Ultrafast lasers are mode-locked lasers that are capable of emitting extremely short pulses with durations of femtoseconds or picoseconds and high peak powers. Because of the Fourier limit (also known as energy-time uncertainty), pulses with such short temporal length have a wide wavelength spectrum spread over a considerable bandwidth. This can lead to severe chromatic aberrations in transmissive optics, but reflective beam shaping optics can be used with ultrafast lasers with virtually no chromatic aberration.

Size Comparison of an Ultra-Compact Microscope Objective with a Standard Microscope Objective

Reflective Beam Conditioning Optics at Edmund Optics®

TECHSPEC Monolithic Reflective Beam Expanders (Mark I)

Monolithic Reflective Beam Expanders (Mark I)

The diamond turned TECHSPEC® Monolithic Reflective Beam Expanders (Mark I) are ideal for broadband or achromatic beam expansion and a wide range of light sources. They have minimal wavefront distortion and their achromatic, all-reflective design enables them to be used with tunable, ultraviolet, and ultrafast lasers. Integrated mounting features including reflective flats, thread holes, and thru-holes greatly simplify mounting, alignment, and integration into any laser-based application. The monolithic construction also ensures stability and performance independent of changes in temperature.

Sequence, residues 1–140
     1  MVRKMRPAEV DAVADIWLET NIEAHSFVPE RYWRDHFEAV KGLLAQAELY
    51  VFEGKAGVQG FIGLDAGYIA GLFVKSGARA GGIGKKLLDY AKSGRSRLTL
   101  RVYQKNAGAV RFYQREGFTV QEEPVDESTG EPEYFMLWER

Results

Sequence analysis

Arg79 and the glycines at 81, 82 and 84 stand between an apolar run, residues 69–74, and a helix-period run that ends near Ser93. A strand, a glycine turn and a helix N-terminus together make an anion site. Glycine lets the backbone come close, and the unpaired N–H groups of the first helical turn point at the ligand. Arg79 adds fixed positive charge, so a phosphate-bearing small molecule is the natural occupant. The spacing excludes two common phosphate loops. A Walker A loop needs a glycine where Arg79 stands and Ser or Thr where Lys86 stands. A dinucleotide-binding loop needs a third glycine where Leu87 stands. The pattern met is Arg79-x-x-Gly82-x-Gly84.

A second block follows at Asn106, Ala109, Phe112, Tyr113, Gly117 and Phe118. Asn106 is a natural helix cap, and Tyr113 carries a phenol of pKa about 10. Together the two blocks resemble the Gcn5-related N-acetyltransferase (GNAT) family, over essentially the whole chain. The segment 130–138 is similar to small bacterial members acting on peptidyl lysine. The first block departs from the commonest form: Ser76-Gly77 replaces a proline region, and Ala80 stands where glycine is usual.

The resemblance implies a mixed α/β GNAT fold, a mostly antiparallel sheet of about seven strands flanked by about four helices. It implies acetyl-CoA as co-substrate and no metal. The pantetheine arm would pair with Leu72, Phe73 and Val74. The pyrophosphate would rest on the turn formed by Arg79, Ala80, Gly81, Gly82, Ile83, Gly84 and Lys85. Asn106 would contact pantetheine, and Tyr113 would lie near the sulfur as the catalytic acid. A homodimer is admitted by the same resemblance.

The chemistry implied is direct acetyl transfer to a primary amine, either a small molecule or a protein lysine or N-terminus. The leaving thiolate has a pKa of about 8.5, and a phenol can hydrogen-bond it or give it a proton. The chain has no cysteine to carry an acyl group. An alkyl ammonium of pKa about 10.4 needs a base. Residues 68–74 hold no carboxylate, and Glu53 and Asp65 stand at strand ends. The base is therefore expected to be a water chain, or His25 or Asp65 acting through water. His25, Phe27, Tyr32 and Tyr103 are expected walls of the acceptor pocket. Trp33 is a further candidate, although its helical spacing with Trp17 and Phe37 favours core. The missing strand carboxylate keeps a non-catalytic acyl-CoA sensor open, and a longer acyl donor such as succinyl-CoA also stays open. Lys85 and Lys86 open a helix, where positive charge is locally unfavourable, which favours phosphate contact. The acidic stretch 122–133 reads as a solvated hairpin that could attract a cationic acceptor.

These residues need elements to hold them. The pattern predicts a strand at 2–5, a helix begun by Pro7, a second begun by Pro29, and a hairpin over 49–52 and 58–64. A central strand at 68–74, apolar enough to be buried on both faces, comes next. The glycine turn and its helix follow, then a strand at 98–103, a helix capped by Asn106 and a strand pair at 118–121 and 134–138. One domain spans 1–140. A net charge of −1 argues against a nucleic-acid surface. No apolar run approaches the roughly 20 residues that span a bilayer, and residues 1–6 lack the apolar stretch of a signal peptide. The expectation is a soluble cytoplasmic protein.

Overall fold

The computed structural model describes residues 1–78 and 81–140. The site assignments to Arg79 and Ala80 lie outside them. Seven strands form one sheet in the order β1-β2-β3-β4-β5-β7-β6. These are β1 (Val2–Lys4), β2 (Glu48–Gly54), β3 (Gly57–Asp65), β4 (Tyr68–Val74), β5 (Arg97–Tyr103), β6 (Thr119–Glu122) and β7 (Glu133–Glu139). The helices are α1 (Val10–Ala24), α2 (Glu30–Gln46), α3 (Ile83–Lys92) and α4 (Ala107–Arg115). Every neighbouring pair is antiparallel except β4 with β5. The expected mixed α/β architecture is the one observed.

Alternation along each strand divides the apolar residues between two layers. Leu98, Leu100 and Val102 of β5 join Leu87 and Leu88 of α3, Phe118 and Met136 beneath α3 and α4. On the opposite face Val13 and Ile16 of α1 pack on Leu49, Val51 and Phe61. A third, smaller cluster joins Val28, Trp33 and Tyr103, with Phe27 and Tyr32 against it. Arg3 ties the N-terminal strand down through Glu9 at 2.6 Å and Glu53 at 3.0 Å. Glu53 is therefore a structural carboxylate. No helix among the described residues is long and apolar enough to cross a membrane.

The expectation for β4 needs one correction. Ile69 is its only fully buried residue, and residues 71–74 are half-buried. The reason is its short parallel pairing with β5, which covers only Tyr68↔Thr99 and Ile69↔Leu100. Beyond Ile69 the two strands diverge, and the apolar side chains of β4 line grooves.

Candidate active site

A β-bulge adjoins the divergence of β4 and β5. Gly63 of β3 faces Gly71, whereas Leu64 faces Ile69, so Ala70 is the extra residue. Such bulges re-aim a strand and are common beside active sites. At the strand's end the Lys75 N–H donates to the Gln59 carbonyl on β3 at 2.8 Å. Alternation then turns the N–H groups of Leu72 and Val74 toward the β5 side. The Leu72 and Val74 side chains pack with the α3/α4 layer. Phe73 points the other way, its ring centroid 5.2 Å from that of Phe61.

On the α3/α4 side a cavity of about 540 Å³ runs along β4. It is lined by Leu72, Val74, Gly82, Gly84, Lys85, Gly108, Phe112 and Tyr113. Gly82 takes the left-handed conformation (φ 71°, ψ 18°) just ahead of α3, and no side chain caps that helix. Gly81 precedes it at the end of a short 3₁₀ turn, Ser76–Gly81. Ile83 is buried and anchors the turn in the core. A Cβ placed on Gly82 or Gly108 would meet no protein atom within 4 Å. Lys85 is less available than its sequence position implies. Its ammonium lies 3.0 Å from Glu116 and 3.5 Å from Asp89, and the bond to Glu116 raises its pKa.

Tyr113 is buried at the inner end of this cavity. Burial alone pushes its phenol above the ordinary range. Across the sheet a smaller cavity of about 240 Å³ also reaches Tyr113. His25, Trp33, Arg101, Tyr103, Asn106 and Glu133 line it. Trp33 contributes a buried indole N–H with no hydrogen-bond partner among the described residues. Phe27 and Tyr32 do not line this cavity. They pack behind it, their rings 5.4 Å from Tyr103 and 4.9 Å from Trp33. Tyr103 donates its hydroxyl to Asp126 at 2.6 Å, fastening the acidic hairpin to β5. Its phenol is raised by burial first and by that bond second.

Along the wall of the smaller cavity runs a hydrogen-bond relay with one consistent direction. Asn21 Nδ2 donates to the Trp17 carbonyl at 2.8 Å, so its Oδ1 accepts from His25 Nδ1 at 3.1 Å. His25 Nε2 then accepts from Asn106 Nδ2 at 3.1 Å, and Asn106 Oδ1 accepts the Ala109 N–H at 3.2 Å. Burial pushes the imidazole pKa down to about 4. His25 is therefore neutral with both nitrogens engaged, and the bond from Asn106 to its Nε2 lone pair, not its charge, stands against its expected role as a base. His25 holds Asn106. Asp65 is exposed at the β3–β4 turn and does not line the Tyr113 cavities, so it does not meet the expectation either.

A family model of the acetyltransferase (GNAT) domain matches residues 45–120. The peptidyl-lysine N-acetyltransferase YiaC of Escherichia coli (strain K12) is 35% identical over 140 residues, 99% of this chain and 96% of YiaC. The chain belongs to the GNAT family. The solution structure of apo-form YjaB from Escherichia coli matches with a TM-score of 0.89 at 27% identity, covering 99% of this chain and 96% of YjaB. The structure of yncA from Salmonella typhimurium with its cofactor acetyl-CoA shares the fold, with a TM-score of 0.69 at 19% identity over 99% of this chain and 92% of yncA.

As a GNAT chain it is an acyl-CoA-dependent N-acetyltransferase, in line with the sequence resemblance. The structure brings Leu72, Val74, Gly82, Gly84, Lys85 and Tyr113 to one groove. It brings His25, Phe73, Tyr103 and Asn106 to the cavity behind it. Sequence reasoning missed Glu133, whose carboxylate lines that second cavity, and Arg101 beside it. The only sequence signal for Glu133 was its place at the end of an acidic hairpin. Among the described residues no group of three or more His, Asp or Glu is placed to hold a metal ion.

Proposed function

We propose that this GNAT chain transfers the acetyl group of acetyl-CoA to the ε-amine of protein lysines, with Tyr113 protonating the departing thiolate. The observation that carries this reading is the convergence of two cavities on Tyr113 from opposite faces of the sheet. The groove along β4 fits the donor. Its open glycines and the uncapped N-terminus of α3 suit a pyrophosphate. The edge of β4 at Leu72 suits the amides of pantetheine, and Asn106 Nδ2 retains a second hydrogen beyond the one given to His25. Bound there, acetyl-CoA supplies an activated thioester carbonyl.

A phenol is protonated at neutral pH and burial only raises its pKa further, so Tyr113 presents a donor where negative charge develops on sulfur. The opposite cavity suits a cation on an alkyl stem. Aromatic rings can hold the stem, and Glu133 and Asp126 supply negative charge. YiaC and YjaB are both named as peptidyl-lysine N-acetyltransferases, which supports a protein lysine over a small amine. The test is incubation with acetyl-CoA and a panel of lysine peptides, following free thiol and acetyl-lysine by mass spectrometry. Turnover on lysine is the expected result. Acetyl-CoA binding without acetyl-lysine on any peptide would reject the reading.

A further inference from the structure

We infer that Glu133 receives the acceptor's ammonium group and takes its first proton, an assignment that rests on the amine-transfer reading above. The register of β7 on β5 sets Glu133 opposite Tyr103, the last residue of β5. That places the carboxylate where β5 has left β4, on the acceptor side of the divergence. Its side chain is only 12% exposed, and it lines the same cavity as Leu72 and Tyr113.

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Off-Axis Parabolic First Surface Metal Mirrors

Off-Axis Parabolic First Surface Metal Mirrors

TECHSPEC® Off-Axis Parabolic (OAP) Metal Mirrors offer surface roughness down to 50Å RMS and are free of chromatic and spherical aberration. Their solid metal design and lack of adhesives provides optimal thermal conductivity. OAPs allow for unrestricted access to the focal point, facilitating compact system designs. These features make OAPs ideal for instrumentation and laser systems including MTF, FLIR, FTIR, and Schlieren, along with IR lasers such as quantum cascade lasers. TECHSPEC® diamond turned metal substrate mirrors are available in 15°, 30°, 45°, 60°, or 90° Off-Axis options.